Uganda’s Ministry of Finance calls for caution in investing in hidden assets and financial pyramids. This is related to the growing wave of fraud revealed in the crypto business. The government intends to update the Penal Code to contain this wave of fraud.
Investors in Uganda fear the financial pyramids
The local media reported that Uganda’s Finance Minister David Bahati, after speaking to parliament, asked the government to react to this pathological situation and to publish a public warning to investors in the country. It is intended to warn them of the risk of investing in the unregulated crypto market and the related financial pyramids. The Minister of Finance has also called on the government to ban investment in such financial pyramids on the Ugandan cryptocurrencies market as soon as possible.
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The problem that has arisen in Uganda is that the companies involved in the financial pyramids register as legitimate financial organisms and after some time change course of business and offer fraudulent services to defraud investors. They promise them high returns, operate over a long period of time and pay the oldest investors with the money that newcomers have invested in this business.
The problem is not easy to solve, because the obstacle in the fight against this fraud is the fact that many former and current members of the Ugandan government and other influential public figures are involved in the financial pyramids. One example is the company run by the son of Uganda’s ex-premier Ruhakan Rugund, who ran this financial pyramid. Hon Mwine Mpaka, a member of the Ugandan parliament, stated that the government is involved in this corruption and instead of helping to combat it, it protects the fraudsters who are in its ranks. This situation does not make it easy to deal with the problem quickly.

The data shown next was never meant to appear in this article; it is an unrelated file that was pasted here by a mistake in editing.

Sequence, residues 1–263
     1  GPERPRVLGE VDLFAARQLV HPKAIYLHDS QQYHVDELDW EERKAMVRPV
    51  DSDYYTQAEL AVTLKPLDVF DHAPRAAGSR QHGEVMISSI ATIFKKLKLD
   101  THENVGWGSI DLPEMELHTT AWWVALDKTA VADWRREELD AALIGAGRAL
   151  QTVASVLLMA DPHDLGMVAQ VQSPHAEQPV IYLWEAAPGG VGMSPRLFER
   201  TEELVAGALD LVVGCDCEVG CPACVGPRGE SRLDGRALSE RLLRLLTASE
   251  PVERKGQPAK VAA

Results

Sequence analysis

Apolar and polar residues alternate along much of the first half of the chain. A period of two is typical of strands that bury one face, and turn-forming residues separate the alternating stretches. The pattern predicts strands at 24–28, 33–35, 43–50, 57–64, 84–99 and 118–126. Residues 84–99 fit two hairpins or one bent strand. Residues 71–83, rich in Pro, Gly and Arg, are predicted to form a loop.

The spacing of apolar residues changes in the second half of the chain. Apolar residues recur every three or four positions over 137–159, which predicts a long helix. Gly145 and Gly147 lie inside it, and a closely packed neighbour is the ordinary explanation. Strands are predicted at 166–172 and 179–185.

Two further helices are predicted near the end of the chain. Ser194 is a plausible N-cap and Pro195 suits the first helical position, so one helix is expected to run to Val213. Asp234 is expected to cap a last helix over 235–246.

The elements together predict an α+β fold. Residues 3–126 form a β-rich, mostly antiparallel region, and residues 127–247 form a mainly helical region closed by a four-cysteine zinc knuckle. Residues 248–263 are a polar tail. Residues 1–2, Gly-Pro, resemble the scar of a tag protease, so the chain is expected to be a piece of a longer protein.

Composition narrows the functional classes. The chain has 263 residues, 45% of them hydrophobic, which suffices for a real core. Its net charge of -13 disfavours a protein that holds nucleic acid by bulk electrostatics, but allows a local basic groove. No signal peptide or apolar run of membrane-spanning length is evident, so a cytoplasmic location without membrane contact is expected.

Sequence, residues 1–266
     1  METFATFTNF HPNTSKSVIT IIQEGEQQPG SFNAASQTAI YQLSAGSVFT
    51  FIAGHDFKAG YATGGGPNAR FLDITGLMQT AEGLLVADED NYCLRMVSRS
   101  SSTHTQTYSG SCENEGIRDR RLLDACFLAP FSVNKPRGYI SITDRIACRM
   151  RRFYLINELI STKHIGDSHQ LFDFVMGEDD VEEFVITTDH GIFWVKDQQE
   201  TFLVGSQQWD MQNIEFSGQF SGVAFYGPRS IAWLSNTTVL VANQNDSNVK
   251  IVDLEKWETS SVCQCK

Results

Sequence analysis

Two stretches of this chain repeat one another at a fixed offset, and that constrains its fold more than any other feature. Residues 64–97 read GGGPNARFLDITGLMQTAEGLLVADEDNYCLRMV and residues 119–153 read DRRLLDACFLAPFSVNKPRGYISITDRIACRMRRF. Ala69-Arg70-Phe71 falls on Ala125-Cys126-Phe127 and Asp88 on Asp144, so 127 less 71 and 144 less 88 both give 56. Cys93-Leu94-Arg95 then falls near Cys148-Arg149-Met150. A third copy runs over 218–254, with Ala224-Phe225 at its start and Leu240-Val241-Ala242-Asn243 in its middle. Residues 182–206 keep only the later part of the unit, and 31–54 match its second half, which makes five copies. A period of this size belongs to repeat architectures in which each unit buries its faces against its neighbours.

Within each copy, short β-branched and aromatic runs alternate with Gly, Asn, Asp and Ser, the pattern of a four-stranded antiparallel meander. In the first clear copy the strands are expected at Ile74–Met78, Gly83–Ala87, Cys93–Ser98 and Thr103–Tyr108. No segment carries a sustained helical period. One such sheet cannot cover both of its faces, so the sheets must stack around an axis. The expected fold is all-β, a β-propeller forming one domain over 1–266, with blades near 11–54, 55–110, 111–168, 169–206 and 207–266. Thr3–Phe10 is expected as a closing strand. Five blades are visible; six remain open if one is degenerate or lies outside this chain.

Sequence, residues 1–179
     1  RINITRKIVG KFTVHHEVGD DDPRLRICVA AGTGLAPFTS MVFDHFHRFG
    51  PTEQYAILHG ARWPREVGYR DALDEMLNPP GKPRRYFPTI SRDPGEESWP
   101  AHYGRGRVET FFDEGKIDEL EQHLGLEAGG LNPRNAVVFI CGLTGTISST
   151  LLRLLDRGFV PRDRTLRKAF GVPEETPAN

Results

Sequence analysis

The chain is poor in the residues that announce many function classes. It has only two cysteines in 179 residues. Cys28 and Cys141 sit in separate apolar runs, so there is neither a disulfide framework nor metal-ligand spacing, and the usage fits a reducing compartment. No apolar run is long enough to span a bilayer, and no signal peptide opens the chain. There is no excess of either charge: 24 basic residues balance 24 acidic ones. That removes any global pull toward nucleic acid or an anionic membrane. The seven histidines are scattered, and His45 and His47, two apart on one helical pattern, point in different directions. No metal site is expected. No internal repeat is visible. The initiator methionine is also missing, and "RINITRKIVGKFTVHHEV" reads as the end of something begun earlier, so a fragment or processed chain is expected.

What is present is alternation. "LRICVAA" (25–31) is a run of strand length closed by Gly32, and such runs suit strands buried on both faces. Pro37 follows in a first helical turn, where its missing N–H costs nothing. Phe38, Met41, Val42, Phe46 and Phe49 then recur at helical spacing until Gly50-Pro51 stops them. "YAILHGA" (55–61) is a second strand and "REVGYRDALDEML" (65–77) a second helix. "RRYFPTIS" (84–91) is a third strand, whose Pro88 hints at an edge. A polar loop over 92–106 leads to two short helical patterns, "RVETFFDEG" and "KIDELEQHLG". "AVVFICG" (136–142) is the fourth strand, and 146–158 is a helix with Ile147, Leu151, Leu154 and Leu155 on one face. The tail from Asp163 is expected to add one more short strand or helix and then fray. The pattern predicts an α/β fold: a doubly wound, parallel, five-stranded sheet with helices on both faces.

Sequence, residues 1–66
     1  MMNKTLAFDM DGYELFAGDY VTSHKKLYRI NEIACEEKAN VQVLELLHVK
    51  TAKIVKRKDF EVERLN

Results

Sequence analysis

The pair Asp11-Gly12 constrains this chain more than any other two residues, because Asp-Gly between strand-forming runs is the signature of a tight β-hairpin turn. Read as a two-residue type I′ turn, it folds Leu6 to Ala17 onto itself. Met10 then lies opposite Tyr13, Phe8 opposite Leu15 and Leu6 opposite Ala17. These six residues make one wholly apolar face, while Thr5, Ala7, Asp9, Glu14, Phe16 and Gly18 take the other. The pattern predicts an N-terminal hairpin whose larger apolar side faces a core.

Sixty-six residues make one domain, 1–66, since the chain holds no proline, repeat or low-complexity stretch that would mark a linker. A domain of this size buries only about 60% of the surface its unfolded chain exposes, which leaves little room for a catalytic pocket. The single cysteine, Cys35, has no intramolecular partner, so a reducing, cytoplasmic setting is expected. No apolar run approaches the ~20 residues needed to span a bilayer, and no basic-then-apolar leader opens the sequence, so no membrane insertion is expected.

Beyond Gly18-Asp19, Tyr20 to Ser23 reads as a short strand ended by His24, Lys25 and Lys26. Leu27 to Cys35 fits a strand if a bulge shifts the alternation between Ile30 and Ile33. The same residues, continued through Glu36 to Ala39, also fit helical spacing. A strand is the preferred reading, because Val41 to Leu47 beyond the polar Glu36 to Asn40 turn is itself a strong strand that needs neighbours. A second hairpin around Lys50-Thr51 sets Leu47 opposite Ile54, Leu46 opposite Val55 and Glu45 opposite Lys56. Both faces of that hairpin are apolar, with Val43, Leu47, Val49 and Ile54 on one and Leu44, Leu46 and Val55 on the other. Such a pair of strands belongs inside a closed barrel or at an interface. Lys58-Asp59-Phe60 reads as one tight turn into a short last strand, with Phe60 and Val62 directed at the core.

The Ugandan government is fighting fraudsters
The Speaker of Parliament, Rebecca Kadaga, has demanded that the finance minister explain how the government is doing in the fight against the cryptocurrencies financial pyramids. Bahati said it had already appealed to the Ministry of Justice and Constitutional Affairs to speed up work on new legislation that would be more restrictive for the authors of such fraudulent investment programmes. The current anti-money laundering law is to be amended to include the issue of virtual assets in the form of cryptocurrencies. Following these legislative changes, companies investing in crypted assets will be subject to control by the Financial Intelligence Authority, which will closely supervise the implementation of this change.
The Central Bank in Uganda and the Ministry of Finance will ensure that citizens are educated so that they fully know what crypted assets are and what risks are associated with investing in them. They also need to know exactly what the Ponzi schemes and investments in financial pyramids are. Without full public information, it will not be possible to combat the scale of fraud in the crypto market.
The Minister of Finance also said that the national group of experts watching over the fourth industrial revolution will continue to work with the government on this issue. The group has been active for a year, initially analysing blockchain and crypto projects, but also analysing artificial intelligence, the Internet of Things, robotics and nano- and biotechnology. It also examines global trends and acts as an advisor to the parliament on the optimal use of these technologies in the country.